RECENTLY, I asked a class of University of California undergraduates
to name their heroes. Ten years earlier, their counterparts had listed the Rev.
Martin Luther King Jr., Robert F. Kennedy, Nelson Mandela, Rosa Parks,
Mohandas K. Gandhi and Vaclav Havel. This time, they mostly named celebrities
who were famous -- well, for being famous.
Sure, it's a sign of the times, a result of our pervasive celebrity culture.
But we need heroes. Celebrities teach us about glamour and appearance, not
how to reach deeply and draw upon inner strengths.
These are times that test our character. Al Qaeda threatens terrorist acts;
North Korea risks going ballistic. Our government presses for war with Iraq,
condemns our traditional allies, considers using tactical nuclear weapons,
curtails our civil liberties, shreds our social services and offers the rich
even more of the nation's wealth.
Now, more than ever, we need courage to overcome fear, register protest,
disregard conventional wisdom, reject easy answers, buck conformity and stand
up for what we believe.
So, in honor of Black History Month, let me tell you about my personal hero,
Harriet Tubman. What inspired my obsession with this former slave? Her
Harriet Tubman, the granddaughter of an African, was born into slavery
around 1820 in Dorchester County, Md. As a child, she suffered repeated
whippings. At age 12, she tried to help a slave who had attempted an escape.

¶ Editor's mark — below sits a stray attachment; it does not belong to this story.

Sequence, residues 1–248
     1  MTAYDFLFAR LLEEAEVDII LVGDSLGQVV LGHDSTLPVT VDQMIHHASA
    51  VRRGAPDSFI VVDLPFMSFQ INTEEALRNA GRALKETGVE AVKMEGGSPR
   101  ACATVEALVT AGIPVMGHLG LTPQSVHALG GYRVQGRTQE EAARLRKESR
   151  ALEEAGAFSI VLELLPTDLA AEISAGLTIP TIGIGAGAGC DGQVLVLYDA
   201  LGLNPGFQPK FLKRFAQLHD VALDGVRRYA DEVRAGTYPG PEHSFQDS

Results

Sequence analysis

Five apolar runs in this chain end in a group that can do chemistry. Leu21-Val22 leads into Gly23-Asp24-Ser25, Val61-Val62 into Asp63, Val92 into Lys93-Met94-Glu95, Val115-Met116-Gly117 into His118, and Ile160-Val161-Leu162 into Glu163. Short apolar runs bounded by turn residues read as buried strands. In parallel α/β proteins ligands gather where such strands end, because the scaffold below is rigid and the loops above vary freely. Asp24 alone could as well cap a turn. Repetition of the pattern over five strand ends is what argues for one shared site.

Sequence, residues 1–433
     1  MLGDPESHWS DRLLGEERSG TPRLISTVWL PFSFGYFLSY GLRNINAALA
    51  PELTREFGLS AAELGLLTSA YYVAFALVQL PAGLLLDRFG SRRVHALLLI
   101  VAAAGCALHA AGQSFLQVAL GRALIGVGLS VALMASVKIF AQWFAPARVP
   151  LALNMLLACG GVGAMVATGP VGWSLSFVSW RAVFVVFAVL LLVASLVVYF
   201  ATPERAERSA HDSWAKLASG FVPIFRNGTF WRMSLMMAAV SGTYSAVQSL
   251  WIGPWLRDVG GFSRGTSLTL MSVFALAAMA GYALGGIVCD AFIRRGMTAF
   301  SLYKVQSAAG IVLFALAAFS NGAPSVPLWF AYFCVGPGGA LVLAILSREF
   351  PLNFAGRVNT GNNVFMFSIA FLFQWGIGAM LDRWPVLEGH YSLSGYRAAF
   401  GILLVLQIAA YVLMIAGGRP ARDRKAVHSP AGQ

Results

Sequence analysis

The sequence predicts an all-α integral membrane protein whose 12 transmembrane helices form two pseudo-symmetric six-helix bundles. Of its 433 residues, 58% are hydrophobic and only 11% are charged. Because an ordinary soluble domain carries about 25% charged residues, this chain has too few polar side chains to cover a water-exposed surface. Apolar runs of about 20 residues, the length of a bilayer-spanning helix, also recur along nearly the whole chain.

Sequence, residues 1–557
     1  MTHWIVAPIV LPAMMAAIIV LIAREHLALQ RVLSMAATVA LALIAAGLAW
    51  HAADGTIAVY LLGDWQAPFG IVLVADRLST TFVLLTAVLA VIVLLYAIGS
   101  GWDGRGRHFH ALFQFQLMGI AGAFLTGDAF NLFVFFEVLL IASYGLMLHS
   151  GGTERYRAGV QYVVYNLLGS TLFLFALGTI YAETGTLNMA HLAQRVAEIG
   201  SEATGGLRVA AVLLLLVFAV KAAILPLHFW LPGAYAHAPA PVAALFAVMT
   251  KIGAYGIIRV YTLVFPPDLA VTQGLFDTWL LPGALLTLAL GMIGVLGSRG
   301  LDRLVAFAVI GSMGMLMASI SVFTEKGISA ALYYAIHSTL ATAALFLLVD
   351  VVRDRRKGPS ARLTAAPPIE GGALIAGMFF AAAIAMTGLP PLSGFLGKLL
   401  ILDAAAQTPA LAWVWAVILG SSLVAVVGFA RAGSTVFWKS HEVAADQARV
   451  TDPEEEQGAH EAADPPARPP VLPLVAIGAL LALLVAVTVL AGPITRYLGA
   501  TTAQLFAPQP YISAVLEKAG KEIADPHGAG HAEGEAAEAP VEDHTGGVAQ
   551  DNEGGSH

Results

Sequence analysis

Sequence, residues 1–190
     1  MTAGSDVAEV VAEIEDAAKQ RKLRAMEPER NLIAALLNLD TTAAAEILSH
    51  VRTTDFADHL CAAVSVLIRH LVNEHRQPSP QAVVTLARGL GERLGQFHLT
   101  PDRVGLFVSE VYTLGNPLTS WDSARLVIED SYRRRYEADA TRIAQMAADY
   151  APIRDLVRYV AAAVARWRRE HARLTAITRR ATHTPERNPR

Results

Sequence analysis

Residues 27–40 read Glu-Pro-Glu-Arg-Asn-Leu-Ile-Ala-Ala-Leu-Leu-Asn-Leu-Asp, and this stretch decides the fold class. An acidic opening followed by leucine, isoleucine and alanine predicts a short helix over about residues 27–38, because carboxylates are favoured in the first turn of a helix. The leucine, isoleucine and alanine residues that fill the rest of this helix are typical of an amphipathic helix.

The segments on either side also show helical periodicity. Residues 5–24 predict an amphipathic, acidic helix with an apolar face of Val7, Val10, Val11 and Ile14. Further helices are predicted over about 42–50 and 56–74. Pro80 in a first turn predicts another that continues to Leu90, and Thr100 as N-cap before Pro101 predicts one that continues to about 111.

In relatiation, a white overseer beat her with a 2-pound lead weight, causing
a serious head injury. For the rest of her life, she suffered from brief
At age 25, she married John Tubman, a free African American. Five years
later, fearing she would be "sold South," she made her escape. White
"conductors" on the Underground Railroad -- a secret network of safe houses --
moved Tubman by horse and wagon, covered from head to toe in a sack, from one
home to another, until she safely reached Philadelphia.
It's what she did afterward that is so astonishing. She could have remained
in the North, working for the abolitionist movement. Instead, she returned to
the South 19 more times, rescuing members of her family, as well as 300 other
slaves, for which she earned the nickname, "Moses of her people."
Despite the huge bounty offered for her capture, Tubman used her quick wit
to avoid slave hunters. Because newspapers didn't publish runaway-slave
notices until Mondays, she spirited away slaves on Saturday nights -- using a
slave owner's own wagon. When pursued by slave hunters, she would throw them
off by suddenly turning south. To quiet babies, she used drugs to put them to
sleep. Deeply spiritual, but grimly determined, she threatened to shoot any
"passenger" who dared to turn back. Later, she would proudly tell the great
abolitionist Frederick Douglass that she "never lost a single passenger" on
the Underground Railroad.
After the outbreak of the Civil War, Tubman served as a soldier, spy and
nurse for the Union Army. When the war ended, she moved to Auburn, N.Y.,
worked for abolition and woman's suffrage, and built and worked in a home for
the aged and indigent, until her death in 1913.
Harriet Tubman's daring exploits have helped orient my moral compass. We
need such heroes because they remind us that, by comparison, our fears are
often overblown and our own courage is rarely tested.
If you don't have a personal hero, now might be a good time to find one. As
the events of Sept. 11 so clearly revealed, they are not in short supply.
©2003 San Francisco Chronicle